Campuses may request reimbursement for eligible costs incurred to purchase and distribute face masks and other personal protective equipment; clean and disinfect facilities exceeding regularly budgeted costs; conduct COVID-19 diagnostic testing, screening and temperature scanning; purchase and distribute temperature measuring devices and screening equipment; acquire and install temporary physical barriers and signage to support social distancing; and purchase and store personal protective equipment and other supplies based on projected needs for the safe opening and operation of the facility.


Fourteen campuses submitted thirty-two claims to FEMA for over $10.6 million. Of the claims submitted, one has been approved and five have been rejected. The remaining twenty-six claims are pending determination by FEMA. The pending claims total over $9.8 million.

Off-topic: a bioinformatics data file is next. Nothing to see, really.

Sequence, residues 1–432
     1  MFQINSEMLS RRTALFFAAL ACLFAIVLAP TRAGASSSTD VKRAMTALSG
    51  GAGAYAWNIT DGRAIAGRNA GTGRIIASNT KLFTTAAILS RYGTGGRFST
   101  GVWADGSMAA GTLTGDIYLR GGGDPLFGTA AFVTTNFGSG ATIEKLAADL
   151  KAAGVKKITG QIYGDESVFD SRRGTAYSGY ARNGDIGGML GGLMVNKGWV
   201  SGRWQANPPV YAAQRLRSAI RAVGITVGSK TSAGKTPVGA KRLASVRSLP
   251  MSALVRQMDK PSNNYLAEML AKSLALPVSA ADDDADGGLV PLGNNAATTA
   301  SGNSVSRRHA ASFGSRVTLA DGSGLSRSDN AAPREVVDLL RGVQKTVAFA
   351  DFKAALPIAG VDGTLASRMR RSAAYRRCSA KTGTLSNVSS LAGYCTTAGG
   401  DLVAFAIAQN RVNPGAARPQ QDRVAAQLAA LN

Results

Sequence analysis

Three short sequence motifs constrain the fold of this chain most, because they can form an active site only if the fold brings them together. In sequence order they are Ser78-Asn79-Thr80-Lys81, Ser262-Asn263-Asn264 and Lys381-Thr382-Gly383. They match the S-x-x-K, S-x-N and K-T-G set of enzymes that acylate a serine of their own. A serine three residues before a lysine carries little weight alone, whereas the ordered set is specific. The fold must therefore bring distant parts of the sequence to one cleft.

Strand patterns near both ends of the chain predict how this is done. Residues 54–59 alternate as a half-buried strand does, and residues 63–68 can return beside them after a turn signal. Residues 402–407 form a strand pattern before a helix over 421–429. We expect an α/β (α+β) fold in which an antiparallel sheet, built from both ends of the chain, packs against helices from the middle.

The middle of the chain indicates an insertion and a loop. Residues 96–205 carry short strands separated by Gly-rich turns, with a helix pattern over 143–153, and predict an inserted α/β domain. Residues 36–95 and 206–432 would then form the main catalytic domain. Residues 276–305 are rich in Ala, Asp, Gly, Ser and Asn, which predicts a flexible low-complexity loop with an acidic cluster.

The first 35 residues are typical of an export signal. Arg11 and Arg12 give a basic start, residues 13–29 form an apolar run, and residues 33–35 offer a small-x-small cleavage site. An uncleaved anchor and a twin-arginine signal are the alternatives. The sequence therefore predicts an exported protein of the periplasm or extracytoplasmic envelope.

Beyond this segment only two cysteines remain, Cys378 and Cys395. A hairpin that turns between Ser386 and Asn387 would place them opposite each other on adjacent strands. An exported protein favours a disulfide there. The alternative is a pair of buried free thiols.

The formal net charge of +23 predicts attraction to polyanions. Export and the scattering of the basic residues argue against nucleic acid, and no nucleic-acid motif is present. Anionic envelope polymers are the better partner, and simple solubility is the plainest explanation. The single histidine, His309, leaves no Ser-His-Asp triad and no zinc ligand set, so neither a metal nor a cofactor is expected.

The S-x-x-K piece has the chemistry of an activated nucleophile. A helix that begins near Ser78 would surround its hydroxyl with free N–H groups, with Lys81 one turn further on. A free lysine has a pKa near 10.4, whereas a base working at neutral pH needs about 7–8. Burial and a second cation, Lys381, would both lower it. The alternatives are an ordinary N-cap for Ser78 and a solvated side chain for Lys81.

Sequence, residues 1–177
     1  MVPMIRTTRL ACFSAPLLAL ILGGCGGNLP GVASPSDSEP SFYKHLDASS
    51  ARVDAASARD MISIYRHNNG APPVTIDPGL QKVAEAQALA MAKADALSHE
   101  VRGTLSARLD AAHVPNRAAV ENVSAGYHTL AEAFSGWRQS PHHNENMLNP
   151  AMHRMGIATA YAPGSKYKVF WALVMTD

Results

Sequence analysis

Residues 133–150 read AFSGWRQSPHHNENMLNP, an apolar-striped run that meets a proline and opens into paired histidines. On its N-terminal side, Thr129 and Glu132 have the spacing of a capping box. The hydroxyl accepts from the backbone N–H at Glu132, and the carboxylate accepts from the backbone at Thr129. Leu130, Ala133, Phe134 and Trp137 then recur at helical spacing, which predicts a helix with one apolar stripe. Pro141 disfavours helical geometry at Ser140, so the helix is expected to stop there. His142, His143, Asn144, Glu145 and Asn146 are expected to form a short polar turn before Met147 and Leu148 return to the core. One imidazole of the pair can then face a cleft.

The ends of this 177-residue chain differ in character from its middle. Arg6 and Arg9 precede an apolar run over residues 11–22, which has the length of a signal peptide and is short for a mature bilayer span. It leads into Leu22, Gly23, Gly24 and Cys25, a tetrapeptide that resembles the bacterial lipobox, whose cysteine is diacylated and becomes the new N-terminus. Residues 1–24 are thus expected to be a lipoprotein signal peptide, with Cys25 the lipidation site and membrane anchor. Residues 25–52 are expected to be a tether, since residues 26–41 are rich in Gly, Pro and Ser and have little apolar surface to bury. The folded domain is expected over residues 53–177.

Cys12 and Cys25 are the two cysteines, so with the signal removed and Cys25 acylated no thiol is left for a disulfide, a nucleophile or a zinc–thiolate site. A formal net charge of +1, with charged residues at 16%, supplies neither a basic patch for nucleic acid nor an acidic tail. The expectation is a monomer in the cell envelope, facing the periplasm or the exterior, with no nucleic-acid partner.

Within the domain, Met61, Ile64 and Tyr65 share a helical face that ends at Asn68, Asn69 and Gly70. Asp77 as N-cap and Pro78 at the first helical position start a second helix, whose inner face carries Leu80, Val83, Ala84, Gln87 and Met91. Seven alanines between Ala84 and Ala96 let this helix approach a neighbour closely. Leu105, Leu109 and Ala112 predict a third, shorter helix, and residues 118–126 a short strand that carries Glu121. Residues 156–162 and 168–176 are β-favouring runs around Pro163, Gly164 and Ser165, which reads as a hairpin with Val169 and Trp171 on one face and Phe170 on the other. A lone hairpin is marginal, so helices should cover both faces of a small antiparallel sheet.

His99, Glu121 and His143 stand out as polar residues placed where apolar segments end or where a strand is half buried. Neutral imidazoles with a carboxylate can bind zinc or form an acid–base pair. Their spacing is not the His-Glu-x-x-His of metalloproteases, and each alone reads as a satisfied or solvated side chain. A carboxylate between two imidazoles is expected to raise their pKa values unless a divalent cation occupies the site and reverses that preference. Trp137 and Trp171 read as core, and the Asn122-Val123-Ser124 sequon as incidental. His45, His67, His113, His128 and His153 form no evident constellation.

Most FEMA Claims are Pending Determination

Across the fourteen campuses that submitted FEMA claims, amounts submitted to FEMA for reimbursement vary from a low at CSU Los Angeles of over $99,000 to a high at San Diego State of over $4.4 million.


The chart FEMA Reimbursement by Campus displays the amounts submitted and current status of the claims. Of the thirty-two claims submitted, one claim has been approved by FEMA, which was submitted by CSU East Bay for $31,760.


Twenty-six FEMA claims totaling over $9.8 million are pending determination by FEMA and campuses have responded to multiple requests for additional information to help support the requests.


FEMA Claims Await Determination

Campuses have awaited decisions by FEMA on thirty-two claims for an average of 466 days.


The chart FEMA Reimbursement Claims Duration displays for each claim the number of days between the original submission date and the earlier of the date of approval or September 26, 2022.